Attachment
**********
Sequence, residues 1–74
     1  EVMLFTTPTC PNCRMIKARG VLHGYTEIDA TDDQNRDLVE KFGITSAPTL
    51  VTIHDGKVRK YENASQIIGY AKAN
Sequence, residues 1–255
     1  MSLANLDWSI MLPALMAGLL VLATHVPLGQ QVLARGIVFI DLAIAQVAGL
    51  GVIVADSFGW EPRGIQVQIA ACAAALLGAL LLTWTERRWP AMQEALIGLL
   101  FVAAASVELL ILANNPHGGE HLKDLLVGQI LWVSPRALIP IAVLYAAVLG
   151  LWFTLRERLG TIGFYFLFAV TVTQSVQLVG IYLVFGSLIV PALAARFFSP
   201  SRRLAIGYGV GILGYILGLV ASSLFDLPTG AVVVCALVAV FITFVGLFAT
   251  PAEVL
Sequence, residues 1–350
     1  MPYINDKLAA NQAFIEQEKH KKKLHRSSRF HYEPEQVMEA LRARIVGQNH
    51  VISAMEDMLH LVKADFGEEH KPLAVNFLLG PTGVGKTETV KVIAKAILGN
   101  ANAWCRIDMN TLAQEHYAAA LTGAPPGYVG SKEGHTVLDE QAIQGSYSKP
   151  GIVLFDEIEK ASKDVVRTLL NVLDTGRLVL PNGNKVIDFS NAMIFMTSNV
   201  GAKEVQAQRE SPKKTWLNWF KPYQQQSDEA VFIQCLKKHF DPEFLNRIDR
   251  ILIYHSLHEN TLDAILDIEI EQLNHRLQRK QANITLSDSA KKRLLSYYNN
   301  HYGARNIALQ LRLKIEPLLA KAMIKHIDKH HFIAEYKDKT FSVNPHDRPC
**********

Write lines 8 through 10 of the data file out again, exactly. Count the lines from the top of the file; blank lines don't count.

   151  LWFTLRERLG TIGFYFLFAV TVTQSVQLVG IYLVFGSLIV PALAARFFSP
   201  SRRLAIGYGV GILGYILGLV ASSLFDLPTG AVVVCALVAV FITFVGLFAT
   251  PAEVL